Genetic counsellors see individuals and families to discuss genetic conditions that are present, or are thought to be present, in their family. Information about an individual’s personal medical history and their family history is taken into account when determining the likelihood of a genetic condition running in a family.
One of the things I love about bioinformatics is how relatively new the field is. Bioinformatics; first coined in 1970’s correspondence between Hesper and Hogeweg as a term to describe “the study of informatics processes in biotic systems”1 has since evolved into an invaluable skill in a biologist’s skillset. As a multi-disciplinary field with a delicate balance of biology, computer science and statistics, it is well-known as the method used to deal with “big data” particularly in the field of genomics. But this isn’t how it started.
Continue reading “Bioinformatics: back in time”
The moment I got an offer for the STP, I think my heart skipped a few beats. Throughout last summer I was constantly excited, couldn’t wait to move to Cambridge and get started. Not that I was entirely sure what it involved at that time but I knew that bioinformatics in healthcare was something I was passionate about.
A fellow trainee suggested to me I should read “This is going to hurt” by Adam Kay. As it had been on my reading list for a while, and in a desperate need for a light and entertaining read, I gave it a go.
Let me just say now, I haven’t enjoyed a book so much in a long time. It is one of those books that you start and you have difficulty putting back down without finishing. It made me laugh out loud, which when you are alone in a public place is not ideal.
I know what you’re thinking- “Jes, what are you talking about? This blog is supposed to be about the STP!”
Well, it all started a couple of weeks ago, on a rainy Friday at the pub after work. Dreaming of better days with better weather, someone piped up “Do you know what would be great? When the weather is good we should have a rounders game!”
We’ve all met new people where the first question is, “So what do you do?”. When I reply, I usually get a blank face in response. How do you explain it in plain words? I usually say we are the people in between biology and computer science and it does the trick. Otherwise, you have to explain what is DNA, what is DNA sequencing, what is a mutation, things that are “coded” in us. What is the usual jargon to us might be someone else’s rocket science.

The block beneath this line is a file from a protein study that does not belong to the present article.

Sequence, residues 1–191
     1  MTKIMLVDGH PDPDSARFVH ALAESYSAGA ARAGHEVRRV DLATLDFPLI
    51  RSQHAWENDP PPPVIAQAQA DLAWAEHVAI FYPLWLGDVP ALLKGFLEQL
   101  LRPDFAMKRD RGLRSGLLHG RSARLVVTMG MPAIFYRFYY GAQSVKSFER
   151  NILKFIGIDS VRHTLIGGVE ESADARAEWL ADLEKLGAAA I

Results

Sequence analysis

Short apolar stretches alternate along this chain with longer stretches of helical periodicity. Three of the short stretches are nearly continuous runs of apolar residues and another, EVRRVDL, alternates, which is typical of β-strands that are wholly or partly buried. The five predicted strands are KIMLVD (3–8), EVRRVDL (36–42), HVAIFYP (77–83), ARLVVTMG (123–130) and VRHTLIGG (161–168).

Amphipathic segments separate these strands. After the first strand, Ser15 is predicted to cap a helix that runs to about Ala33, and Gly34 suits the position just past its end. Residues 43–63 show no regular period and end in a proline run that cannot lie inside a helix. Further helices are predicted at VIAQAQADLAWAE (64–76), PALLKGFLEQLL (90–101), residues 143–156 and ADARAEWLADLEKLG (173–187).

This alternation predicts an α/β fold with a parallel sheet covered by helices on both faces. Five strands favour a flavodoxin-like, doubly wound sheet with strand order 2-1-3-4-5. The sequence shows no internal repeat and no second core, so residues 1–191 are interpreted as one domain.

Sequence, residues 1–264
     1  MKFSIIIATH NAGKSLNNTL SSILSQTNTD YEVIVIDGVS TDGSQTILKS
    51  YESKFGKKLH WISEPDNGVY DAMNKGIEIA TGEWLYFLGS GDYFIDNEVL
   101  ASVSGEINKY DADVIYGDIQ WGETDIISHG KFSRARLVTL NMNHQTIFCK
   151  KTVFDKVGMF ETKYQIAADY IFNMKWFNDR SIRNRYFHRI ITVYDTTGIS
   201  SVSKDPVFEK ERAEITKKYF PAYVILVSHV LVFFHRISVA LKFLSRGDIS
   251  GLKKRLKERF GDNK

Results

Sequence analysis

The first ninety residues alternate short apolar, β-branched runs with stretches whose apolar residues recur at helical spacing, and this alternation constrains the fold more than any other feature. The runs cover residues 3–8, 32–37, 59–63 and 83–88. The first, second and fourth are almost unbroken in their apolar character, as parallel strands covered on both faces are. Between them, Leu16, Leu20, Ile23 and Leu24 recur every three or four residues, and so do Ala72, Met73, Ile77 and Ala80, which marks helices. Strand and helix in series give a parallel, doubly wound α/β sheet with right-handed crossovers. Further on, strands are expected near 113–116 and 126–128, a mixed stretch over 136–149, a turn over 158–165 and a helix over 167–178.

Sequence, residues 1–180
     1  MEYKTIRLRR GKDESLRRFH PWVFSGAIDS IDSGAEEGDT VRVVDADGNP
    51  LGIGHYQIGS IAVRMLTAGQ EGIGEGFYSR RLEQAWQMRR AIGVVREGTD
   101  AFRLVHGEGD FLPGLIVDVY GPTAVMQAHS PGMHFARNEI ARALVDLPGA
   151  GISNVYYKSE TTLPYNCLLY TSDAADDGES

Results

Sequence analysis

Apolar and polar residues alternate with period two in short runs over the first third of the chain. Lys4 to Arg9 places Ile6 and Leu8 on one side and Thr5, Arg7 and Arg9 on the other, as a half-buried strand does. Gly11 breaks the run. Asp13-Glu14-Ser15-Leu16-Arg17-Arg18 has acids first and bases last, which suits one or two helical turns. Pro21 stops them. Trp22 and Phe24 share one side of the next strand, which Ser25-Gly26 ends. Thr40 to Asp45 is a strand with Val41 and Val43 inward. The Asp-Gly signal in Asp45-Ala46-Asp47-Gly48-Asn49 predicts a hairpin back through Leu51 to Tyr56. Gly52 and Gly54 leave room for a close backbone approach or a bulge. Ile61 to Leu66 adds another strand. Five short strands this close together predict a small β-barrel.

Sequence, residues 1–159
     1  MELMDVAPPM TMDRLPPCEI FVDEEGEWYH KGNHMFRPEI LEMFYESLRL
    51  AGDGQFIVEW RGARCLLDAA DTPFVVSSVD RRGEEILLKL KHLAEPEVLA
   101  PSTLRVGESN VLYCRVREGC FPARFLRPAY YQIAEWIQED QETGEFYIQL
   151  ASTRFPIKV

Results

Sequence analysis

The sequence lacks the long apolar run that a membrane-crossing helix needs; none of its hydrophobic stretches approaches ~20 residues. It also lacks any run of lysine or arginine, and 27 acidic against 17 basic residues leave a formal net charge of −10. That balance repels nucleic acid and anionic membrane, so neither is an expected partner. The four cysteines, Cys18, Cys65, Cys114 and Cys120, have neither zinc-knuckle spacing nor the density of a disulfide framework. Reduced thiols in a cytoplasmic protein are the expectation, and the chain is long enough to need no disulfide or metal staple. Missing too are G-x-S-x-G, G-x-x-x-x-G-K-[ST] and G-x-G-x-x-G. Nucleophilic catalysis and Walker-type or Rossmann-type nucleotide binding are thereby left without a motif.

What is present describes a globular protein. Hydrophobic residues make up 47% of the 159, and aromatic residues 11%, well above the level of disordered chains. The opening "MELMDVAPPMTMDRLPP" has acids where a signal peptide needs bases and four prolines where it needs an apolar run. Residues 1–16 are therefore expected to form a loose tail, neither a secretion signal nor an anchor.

As there’s a chance that some of you are unfamiliar with the programme we are on, here’s a brief introduction.
The Scientist Training Programme or STP as we call it, is a training programme organised by the National School of Healthcare Science and NHS Health Education England with the aim to train the country’s clinical scientist workforce. At the moment, there are 23 specialisms offered by the programme. The training is undertaken in the span of three years and it consists of 80% on-the-job training and a 20% academic component.
I’m sat writing this on a Sunday night; the Sunday night before I start my 50th week in training to be a clinical bioinformatician. 50 weeks sounds like a long time – and it is. And I’ve learnt so much, both technically and professionally. So, with almost 1/3 of my training down, I thought now would be a good time to reflect on this time and share a brief overview of my journey so far.
Yes- we started a STP bioinformatics book club! Our lovely colleague Chris suggested the idea as a way to encourage us to read books around related topics that won’t be directly covered in our teaching.
Our first book is “Algorithms to Live By: The Computer Science of Human Decisions” by Brian Christian and Tom Griffiths. We are planning on discussing it when we meet in Manchester in November, which gives us plenty of time, and we would love it if you want to read it too and tweet us your opinions!
Welcome to STP perspectives, a blog run by trainee clinical scientists undertaking the NSHCS’s Scientist Training Programme.
We are a group of soon-to-be clinical scientists training towards becoming fully-fledged Clinical Bioinformaticians in Genomics. As we approach the end of the first year of our training, we want to share our journey so far, what we are currently up to and things we find interesting.